Eternal Dwelling or Temporary Dwelling?

Know: For all can see that the wise die, that the foolish and the senseless also perish, leaving their wealth to others. Their tombs will remain their houses forever, their dwellings for endless generations,
though they had 
named lands after themselves. People, despite their wealth, do not endure;
they are like the beasts that perish.

(Psalm 49:10-12 NIV)

Read & Respond: This week’s Psalm is a reminder of our eternal dwelling place. It’s a hard question, but do you reflect upon and invest in your eternal dwelling? As military members and dependents we are often more aware of our mortality, yet it’s still a temptation to put our confidence in earthly health, wealth or wisdom. Perhaps you’ve heard the nursery rhyme, “Early to bed and early to rise makes a man healthy, wealthy and wise.” Healthy and wealthy maybe, but true wisdom is God’s commodity (James 1:5).

[fusion_builder_container hundred_percent=”yes” overflow=”visible”][fusion_builder_row][fusion_builder_column type=”1_1″ background_position=”left top” background_color=”” border_size=”” border_color=”” border_style=”solid” spacing=”yes” background_image=”” background_repeat=”no-repeat” padding=”” margin_top=”0px” margin_bottom=”0px” class=”” id=”” animation_type=”” animation_speed=”0.3″ animation_direction=”left” hide_on_mobile=”no” center_content=”no” min_height=”none”][tweetthis]Godly wisdom takes the long view – the eternal view – of this temporary life. How do we find balance?[/tweetthis]

Do not lay up for yourselves treasures on earth, where moth and rust destroy and where thieves break in and steal, but lay up for yourselves treasures in heaven, where neither moth nor rust destroys and where thieves do not break in and steal. For where your treasure is, there your heart will be also. (Jesus words in Matthew 6:19-34)

Listen also to two former Commanders in Chief speaking eloquently on God’s good provision:

  • “Whereas it is the duty of all nations to acknowledge the providence of Almighty God, to obey His will, to be grateful for His benefits, and humbly to implore His protection and favor” ~George Washington’s Declaration of Thanksgiving.
  • To these bounties, which are so constantly enjoyed that we are prone to forget the source from which they come, others have been added, which are of so extraordinary a nature that they cannot fail to penetrate and soften even the heart which is habitually insensible to the ever watchful providence of Almighty God.”.  ~Abraham Lincoln

We need frequent stirring to remember this life is not all there is (and better stirred than shaken). Dwelling in Psalm 49 stirs us. As one commentator says, “This Psalm instructs and consoles. It teaches that earthly advantages are not reliable for permanent happiness, and that, however prosperous worldly men may be for a time, their ultimate destiny is ruin, while the pious are safe in God’s care.”

Earthly advantages are not reliable for permanent happiness. Only God can keep us safe. In a world where more is better, let’s focus on the fact that more of God and less of the world is always best.

3.Redeem Ps.4915

Core Concept: God’s children are safe in His care now and for all eternity.

Think About It:

  1. If you died today are you sure you would go to heaven? Who can you talk to about this?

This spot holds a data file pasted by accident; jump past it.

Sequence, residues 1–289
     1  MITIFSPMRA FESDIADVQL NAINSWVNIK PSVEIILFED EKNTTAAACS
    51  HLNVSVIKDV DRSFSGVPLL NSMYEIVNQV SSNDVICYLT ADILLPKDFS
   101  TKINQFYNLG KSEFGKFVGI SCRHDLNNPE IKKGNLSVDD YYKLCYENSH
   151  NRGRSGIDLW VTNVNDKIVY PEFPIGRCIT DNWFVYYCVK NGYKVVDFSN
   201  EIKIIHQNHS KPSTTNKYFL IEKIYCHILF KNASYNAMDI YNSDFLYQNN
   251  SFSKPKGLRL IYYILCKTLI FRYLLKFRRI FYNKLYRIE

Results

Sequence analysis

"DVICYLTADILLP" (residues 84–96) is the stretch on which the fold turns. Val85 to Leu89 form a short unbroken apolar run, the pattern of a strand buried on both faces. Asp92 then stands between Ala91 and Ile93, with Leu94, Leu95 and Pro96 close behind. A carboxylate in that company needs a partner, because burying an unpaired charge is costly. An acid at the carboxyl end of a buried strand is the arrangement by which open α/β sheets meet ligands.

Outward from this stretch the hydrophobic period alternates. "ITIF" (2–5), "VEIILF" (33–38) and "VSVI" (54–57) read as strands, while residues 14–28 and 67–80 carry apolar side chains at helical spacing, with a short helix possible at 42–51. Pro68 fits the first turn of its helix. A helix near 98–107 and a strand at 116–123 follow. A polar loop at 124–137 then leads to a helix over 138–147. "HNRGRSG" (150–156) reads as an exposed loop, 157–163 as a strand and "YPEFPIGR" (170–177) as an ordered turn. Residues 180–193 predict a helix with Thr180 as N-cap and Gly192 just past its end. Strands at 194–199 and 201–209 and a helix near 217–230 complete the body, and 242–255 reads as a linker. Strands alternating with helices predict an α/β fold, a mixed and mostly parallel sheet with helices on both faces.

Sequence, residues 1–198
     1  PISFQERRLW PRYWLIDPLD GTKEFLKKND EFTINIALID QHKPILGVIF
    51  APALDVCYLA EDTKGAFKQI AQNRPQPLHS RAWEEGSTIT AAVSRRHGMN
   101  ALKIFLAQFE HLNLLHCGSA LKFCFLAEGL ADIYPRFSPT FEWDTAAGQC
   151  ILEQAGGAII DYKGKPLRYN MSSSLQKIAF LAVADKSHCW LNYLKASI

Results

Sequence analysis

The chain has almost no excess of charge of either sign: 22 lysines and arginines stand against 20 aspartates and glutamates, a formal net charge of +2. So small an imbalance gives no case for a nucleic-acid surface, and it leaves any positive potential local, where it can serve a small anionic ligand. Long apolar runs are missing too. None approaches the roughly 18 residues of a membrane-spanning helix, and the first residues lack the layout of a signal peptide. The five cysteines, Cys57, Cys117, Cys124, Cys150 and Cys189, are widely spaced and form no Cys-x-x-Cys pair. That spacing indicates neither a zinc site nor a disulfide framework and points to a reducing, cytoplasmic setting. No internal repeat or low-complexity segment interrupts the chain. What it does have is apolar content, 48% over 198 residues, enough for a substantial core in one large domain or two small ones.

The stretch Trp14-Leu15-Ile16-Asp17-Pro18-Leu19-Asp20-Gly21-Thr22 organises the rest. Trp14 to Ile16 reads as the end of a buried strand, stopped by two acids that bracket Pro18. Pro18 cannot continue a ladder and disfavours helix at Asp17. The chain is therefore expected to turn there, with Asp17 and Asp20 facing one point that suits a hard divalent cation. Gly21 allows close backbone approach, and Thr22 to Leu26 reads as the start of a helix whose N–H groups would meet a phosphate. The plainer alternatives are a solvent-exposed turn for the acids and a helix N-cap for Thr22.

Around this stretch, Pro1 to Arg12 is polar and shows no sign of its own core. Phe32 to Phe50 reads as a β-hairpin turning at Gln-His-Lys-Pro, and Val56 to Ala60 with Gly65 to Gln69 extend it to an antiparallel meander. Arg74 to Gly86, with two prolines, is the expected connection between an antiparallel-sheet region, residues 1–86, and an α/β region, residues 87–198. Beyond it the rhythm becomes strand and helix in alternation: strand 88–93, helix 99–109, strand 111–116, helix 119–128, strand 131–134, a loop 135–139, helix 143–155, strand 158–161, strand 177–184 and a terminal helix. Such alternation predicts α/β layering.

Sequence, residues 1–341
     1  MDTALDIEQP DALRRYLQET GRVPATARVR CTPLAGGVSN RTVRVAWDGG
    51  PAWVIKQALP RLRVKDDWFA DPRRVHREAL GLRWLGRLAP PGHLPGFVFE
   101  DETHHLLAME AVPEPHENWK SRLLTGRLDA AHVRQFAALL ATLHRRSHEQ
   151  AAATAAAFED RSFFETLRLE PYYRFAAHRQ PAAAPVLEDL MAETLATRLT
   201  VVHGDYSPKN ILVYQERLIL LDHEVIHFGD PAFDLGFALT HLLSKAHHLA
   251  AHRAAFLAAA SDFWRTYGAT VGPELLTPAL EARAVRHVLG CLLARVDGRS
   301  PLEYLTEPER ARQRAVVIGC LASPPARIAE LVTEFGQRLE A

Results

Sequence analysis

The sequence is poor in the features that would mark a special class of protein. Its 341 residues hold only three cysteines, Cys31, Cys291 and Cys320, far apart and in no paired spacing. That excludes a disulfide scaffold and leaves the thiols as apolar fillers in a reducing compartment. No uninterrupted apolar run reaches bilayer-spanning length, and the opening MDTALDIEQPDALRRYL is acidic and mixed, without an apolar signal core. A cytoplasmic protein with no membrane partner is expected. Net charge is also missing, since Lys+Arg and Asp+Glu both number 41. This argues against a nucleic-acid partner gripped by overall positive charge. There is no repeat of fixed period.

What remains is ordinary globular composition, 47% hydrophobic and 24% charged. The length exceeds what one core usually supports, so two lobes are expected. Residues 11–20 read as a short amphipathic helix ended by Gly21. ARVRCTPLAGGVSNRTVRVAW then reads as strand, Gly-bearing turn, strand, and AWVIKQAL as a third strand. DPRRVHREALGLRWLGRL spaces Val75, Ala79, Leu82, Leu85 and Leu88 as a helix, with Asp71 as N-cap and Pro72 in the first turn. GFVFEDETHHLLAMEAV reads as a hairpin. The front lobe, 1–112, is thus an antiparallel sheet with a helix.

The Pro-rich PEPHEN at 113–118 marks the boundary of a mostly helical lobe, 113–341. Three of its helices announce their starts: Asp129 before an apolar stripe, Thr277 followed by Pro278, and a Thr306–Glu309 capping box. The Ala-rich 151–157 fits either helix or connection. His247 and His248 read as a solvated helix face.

2. What do 1 Timothy 6:10 and Matthew 6:24 say about the connection between faith & finances?
  3. What does Psalm 49:10, above, say about God’s character than can help overcome greed?

This Week’s Praise & Worship Prompts:

Day 1: Consume Yourself with God’s Character

Consumerism can be, well, consuming. Read Psalm 49, listing what it is about God’s character that should make us consumed with Him alone.  Memorize Psalm 49:10-12 – eternal treasure.

Psalm 49120-12

Day 2: Tell a Timeless Tale

Verses 1 and 2 tell us Psalm 49 is for everybody, EVERYBODY. Even though it was written thousands of years ago, the message is relevant to us today. Verse 4 mentions that the Psalmist will incline his ear to a proverb. The Hebrew word for proverb here is “mashal” and refers more to a parable or a story. As you read through the Psalm today, reframe it as a contemporary story. How can this perspective give you spiritual strength and loosen the stronghold of today’s desires?

Day 3:  Recognize Worldliness

Using the chart below, compare Psalm 49:7-9 and John 3:16-18. You may know John 3, but take the time to read it slowly – as if it were the first time you read it. Then read Psalm 49:7-9. The Hebrew word for pit also refers to decay and corruption. Reflect today how easy it is to fall into the pit of worldliness – which can ultimately lead to death – and thank God He has provided a way out.

Day 4: Strengthen Your Hearing & Attention Span

Who is your master? Compare Psalm 49:14 and John 10:1-18. We are all sheep and some of our appetites take us onto wrong paths. Our meditation today is on whose voice we are following. One leads to life, the other to death. Spend some quiet time reflecting on that truth and asking God to make His voice your guide in every area of life, especially where you’re tempted to stray.

Day 5: True Satisfaction

Read Psalm 49 again today. Read over your notes from the week and use a “mind map” to diagram a prayer to be free from the idol of “I don’t have enough _____ or I want more _____”. Use the truths of Psalm 49 to refute the lies of whatever this world calls a prize.

Talk About It: Why is it easy to fall into the trap of earthly security when we know our souls are eternal?

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All Scriptures are from the English Standard Version (ESV) unless otherwise noted.

Contributors: Chelsea Bastian, Claudia Duff, Muriel Gregory, Tonia Gutting, Hayley Haynes

Graphic Artist: Christie Esterline

Editor: Andrea Plotner

Copyright ©Planting Roots 2015